McCarten’s a tenant in a cottage in the gardens of Waterlea, the large property in Mangere Bridge owned by his friend Willie Jackson, the former Alliance MP who’s now a RadioLive host. The previous owner was another classic New Zealand eccentric: David Lange. Jackson said, “My wife, Tania, was saying to me yesterday, ‘You know, I don’t think I’ve seen Matt out of a suit since he’s been with us.’ He moved here in early September, and he comes home every night at 11 or 12.” He smiled. “My wife loves Matt. When I told her [about the cancer], she cried and cried, and said, ‘Get him to come to us.’”


Matt McCarten wakes up at four in the morning to complete silence. It’s very peaceful in the garden at the end of Waterlea’s tree-lined driveway. Since the cancer, McCarten resists the urge to jump onto the laptop when he wakes. Instead, he lies in bed till seven, resting, gathering his strength. He has secondary cancer of the liver. “The killing kind”: that was his neat and memorable line when he announced his illness in his Herald on Sunday column on September 5.

All the indications were he’d be gone by Christmas… he went shopping for headstones.

He was given weeks to live. His GP estimated his chances of survival were 3.4 per cent. Jackson said, “All the indications were he’d be gone by Christmas.”

McCarten put his affairs in order, shifted to Waterlea, and went shopping for headstones. His only ambition was to make it to his birthday on January 19.

“But now my surgeons are saying they think I’m going to be fine,” he claimed. “The best-case scenario is they cut me open and it goes away, cos it’s small, and it’s only in two places. The worst? That it’ll spread. But they said that could take years and years. If I get two years, I’m happy.”

Jackson told me his wife’s brother-in-law was operated on for liver cancer and died within a month. I mentioned this cheering fact to McCarten. “Might happen,” he said. “But I’m not scared. I haven’t given it a thought. I’m quite relaxed. I’m busy. I’ve got things to do. I genuinely do! I’m not in denial; it’s just another campaign. I’ve got the acupuncturist, I’ve got the naturopath, the Maori healers, the Western medicine.”

He had three sets of chemotherapy. He vomited once, felt a bit tired after the third round, otherwise he felt fine, and looked great. Chris Trotter said he had expected to see McCarten go the same way as other friends who had got cancer. “The decline is quick and obvious. But with Matt, it’s weird, it really is. It’s gone the other way. He looks better now than he did a few months ago.”

Matt McCarten

Matt McCarten in the garden of his Mangere Bridge home.

I interviewed Trotter, affable and immense, at his villa in Three Kings. He made a cup of tea in the kitchen, which backed onto the driveway of a townhouse: three people stood right outside his kitchen window and chatted, including a dwarf. Trotter talked about the first time he clapped eyes on McCarten. It was at a sandwich bar in Wellington during a union conference in the early 1980s. “He was North Island and I was South Island, and I think we both rather fancied ourselves as young up-and-coming tyros in the union movement. And this is going to sound silly, but there was something about him that I noticed right away which just said to me, ‘It’s not you. It’s him.’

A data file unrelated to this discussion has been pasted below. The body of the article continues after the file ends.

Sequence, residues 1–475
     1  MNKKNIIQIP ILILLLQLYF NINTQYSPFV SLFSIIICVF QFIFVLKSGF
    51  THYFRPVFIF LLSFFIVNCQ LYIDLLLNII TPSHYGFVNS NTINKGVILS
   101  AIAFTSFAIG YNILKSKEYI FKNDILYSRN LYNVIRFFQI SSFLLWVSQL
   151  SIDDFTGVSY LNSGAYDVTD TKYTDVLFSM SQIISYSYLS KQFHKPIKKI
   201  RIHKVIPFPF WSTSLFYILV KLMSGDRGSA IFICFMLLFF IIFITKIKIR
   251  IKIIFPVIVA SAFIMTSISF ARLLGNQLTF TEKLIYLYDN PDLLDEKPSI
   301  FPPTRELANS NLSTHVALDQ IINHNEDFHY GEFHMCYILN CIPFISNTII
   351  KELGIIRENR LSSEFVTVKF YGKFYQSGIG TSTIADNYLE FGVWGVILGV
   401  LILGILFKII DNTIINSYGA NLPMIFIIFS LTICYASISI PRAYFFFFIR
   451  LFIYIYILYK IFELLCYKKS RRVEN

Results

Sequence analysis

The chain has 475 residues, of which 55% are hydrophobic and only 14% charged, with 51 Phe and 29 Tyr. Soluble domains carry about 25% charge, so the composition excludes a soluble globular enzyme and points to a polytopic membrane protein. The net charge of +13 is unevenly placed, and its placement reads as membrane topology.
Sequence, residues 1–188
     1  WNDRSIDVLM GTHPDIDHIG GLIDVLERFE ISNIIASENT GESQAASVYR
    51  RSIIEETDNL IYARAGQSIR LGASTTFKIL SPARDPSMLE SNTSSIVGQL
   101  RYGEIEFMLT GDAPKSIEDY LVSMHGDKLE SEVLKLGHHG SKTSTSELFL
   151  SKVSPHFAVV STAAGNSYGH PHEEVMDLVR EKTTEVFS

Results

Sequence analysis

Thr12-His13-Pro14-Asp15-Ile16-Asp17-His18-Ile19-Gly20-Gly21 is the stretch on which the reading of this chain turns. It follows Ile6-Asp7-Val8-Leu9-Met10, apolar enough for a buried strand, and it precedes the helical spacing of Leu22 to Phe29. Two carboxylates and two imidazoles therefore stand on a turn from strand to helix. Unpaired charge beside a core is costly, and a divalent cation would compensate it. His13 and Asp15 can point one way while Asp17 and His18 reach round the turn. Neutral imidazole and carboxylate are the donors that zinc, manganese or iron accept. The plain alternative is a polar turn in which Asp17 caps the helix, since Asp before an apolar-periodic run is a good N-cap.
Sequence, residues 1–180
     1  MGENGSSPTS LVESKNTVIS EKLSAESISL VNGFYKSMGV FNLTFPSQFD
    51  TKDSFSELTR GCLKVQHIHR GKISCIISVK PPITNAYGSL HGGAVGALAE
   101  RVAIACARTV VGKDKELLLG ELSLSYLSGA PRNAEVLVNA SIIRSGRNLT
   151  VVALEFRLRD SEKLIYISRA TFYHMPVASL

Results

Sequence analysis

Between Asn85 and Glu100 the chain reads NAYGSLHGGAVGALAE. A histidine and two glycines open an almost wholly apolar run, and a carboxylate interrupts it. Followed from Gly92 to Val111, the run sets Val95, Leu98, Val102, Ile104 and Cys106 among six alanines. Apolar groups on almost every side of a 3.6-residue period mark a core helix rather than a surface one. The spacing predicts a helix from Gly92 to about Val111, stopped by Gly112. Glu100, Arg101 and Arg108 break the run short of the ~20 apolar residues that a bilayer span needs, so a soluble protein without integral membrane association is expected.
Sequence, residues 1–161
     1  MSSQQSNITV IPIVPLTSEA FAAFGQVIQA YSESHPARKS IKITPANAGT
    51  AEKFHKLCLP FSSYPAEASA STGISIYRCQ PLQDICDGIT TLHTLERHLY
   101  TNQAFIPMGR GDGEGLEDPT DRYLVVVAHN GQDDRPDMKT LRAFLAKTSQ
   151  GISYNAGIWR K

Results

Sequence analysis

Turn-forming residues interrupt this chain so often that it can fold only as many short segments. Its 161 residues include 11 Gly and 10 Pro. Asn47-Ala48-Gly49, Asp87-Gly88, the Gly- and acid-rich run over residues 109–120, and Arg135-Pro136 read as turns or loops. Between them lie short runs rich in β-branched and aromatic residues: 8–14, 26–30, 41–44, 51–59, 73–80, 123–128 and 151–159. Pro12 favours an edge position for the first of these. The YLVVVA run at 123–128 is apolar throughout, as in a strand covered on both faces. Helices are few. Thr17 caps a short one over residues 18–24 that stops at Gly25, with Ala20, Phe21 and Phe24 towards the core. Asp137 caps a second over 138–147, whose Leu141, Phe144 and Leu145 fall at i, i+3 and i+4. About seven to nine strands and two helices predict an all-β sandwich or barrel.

“I’m not making it up, I remember it very distinctly. He was even better looking in those days, and even then he had this charismatic quality which is very rare and you can’t mistake it when you see it.”

Trotter was right: it sounded silly. McCarten, the special one; McCarten, messianic and glowing. I met with left-wing blog hollerer Martyn “Bomber” Bradbury. He was even more affable and almost as immense as Trotter, and sillier too. He said, “I think Che Guevara was described by Jean-Paul Sartre as the perfect human being. Matt, intellectually and as an activist, fits that bill for me.” McCarten, immaculate.

The hits kept coming. “Matt’s a person of enormous warmth and humanity,” said right-wing political commentator and PR trout Matthew Hooton, who shares a regular spot with McCarten on the radio show Willie Jackson co-hosts with John Tamihere. I met Hooton in his Shortland St office. He wore a business shirt, and sat with his hands clasped behind his head. “I hope he survives. I think he’s a New Zealand treasure.”

McCarten and Unite are planning a nationwide campaign in 2011 to raise the minimum wage to $15 an hour. He was made to look out of touch with ordinary New Zealanders on the Mana campaign when he was unable to tell TV3 reporter Patrick Gower the price of a litre of milk, but he draws the same wage as everyone employed by Unite: $39,000. He owned a house about 20 years ago, freehold, in Grey Lynn, with his daughter’s mother; now he owns a Ford Falcon and a few suits. He hires himself out as a freelance negotiator in white-collar employment disputes, and the biggest single fee he has received is $113,000. He ploughs it all back into Unite.

He said, “If I didn’t believe in what I was doing, I’d have just gone out and got rich and had a wasted life. If you don’t believe in anything, you just indulge yourself.”